Why not NT clusters? Need arguments. 10/7, 10:43
laytonjb at mindspring.com
Sun Oct 8 07:18:25 PDT 2000
At 10:43 PM 10/7/00 +0800, you wrote:
>Cornell's AC3 is a NT cluster which is a production running horse,
>you may find further details from them such as MTBF, MTTR for RAS !
>I would like to see both NT and Linux coexist !
>What's you definitionof memory leak ?
I had a friend who ran some tests on Windows NT 4.0 who found
that opening and closing applications on NT left memory unreleased.
I think of this as a memory leak. In addition, I think you can
several article on the web about this as well.
Of course, I'm sure there are parts of Linux that have the same
thing, but I haven't done any testing nore have I seen any
articles on it on the web.
As another example, at Lockheed we have several LARGE NT machines
that we use for general use (mostly MS Office) and MS fileservers.
After about 18 months of continues usages, the sys-admins have had
to resort to rebooting ALL of the boxes every single night to clear
problems. They have spoken with MS about the machines at length
(the old sys-admin lived on the phone to MS - his words, not
mine) but with no resolution. Rebooting the boxes seems to be the
only solution they came up with.
Don't get me wrong. I use NT a fair amount at work for various
things. I LIKE Word, etc (I guess that makes me a heretic in the
Linux world), although PowerPoint can be very frustrating and
Access while a good cheap DB (expecially compared to something
like Oracle which is $$$$) has some problems as well. In addition,
no matter how many times I offer, my family won't convert to Linux
from Win98. I do like the multimedia stuff in Win98 and found it
to be much better than anything in Linux.
>David C. Wan
>Jeff Layton wrote:
>> At 08:31 PM 10/6/00 -0400, you wrote:
>> >On Fri, 6 Oct 2000, Jon Tegner wrote:
>> >> In a disussion of clusters I got the question why not using systems
>> >> running microsoft NT. I only came up with cost and stability in a
>> >> sweeping way, and I couldnt present more quantitative arguments. Later,
>> >> I even found that an nt cluster sits on place 207 on the top500 list
>> >> (see http://www.top500.org/lists/TOP500List.php3?Y=2000&M=06)
>> >> is that an exception, or are there many of these beasts around?
>> >> I would appreciate to be enlightened on this issue.
>> >The fine people on this list can provide a large number of reasons
>> >for choosing Linux over NT. Let me give you an empirical observation.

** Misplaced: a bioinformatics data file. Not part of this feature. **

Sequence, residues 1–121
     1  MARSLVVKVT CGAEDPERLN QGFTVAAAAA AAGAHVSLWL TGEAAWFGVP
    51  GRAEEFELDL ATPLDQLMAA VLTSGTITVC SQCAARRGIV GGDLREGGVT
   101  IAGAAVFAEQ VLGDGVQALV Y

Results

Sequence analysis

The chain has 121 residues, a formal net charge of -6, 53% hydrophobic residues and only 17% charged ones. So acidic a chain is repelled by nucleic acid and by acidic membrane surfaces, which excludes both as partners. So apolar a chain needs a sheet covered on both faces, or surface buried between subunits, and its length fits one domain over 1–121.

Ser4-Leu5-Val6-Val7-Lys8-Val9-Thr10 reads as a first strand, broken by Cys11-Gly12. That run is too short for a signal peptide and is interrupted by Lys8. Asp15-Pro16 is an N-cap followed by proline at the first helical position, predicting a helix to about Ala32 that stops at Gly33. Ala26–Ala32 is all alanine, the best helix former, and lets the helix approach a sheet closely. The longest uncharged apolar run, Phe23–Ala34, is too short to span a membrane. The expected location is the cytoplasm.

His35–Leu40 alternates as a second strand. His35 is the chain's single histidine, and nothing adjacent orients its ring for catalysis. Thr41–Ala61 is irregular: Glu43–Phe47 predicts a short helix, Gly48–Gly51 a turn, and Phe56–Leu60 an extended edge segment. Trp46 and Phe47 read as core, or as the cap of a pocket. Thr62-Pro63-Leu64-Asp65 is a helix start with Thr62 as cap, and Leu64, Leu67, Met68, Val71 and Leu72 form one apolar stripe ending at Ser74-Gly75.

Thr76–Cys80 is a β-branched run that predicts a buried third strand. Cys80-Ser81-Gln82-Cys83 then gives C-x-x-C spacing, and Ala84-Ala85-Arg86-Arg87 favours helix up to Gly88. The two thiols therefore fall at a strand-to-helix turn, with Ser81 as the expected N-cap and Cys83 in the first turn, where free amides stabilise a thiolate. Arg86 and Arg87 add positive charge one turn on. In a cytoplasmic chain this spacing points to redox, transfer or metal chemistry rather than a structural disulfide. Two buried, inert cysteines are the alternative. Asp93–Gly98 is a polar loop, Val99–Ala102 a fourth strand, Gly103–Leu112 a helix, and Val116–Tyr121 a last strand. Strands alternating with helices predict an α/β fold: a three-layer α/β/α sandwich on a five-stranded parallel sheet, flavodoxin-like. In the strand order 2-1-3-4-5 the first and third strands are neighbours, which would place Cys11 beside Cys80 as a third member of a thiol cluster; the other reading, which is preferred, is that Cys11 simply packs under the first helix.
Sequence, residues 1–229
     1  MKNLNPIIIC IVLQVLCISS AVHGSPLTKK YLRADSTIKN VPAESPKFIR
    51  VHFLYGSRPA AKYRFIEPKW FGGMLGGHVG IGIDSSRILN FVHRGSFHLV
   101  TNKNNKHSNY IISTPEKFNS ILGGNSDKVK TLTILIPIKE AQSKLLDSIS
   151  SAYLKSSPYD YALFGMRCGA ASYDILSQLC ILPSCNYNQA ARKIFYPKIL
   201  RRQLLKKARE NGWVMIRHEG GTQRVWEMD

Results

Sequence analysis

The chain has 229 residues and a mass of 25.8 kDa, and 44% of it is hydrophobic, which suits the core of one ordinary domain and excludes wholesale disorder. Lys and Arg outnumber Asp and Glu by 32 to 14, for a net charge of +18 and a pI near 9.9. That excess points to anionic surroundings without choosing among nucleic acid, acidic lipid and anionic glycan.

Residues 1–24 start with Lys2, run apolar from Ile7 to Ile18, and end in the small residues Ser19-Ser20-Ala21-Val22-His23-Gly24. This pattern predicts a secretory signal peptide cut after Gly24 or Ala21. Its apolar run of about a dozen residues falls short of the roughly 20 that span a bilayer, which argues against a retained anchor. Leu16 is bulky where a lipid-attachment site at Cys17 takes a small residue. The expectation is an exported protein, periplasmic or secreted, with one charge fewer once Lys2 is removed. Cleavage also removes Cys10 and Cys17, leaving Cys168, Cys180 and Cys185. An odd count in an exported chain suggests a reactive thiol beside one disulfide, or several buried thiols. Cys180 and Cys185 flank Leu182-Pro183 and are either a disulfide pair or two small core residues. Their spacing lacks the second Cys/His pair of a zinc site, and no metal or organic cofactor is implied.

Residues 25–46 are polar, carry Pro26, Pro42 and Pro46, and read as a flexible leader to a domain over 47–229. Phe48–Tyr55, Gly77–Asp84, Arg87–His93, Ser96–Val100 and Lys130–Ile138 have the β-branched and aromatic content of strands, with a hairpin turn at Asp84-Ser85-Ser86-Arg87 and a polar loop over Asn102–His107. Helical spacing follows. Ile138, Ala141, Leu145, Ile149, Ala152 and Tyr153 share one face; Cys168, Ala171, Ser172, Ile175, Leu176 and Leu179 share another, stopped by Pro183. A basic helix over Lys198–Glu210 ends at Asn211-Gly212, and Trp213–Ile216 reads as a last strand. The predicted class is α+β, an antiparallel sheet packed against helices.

>> >I have not read about or seen any reference many production
>> >NT clusters. (Those that are actually doing something useful)
>> >On the other hand, I can tell you we have quite a few customers who
>> >are designing aircraft, computing molecules, and finding oil
>> >with Linux clusters. There are many other applications out
>> >there running day in and day out on Linux clusters. I have not
>> >seen this with NT. My only conclusion is that if it worked
>> >well you would see more. One sure reason is that HPC (High Performance
>> >Computing) has been and will continue to be a *NIX world. Just
>> >seems to work better.
>> I can add an anecdote, but I can't name the particular site.
>> One site that I've worked with (not mine) has a 64 processor
>> Linux cluster and a cluster with about 32 processor NT
>> cluster. When I spoke with the sys-admin of the Linux cluster
>> they told me that the longest the NT cluster had stayed up
>> for a run was 4 HOURS. On the clusters I run at work (Lockheed-Martin)
>> our runs are at least 30 hours. Consequently, a 4 hour uptime
>> for a cluster is absolutely unacceptable even if we save
>> intermediate results and restart the codes (CFD codes).
>> In addition, the sys-admin was telling me that during a
>> run (using MPI) if a node failed, the WHOLE cluster came
>> unglued and all the nodes had to be rebooted! Not a pretty
>> This was last year (1999). I'm not sure what's up in 2000,
>> but I don't think it would be near the stability of a Linux
>> cluster. I think the MPI/Pro guys have done some good things
>> to help reduce the problems on NT clusters, but I don't think
>> they can cure the unstable OS (with SEVERE memory leaks).
>> Perhaps Windows 2000 at Cornell is better than NT, but I'm
>> not betting on it (has anybody checked 2000 for memory leaks
>> Good Luck,
>> Jeff Layton
>> >Paralogic, Inc. | PEAK | Voice:+610.814.2800
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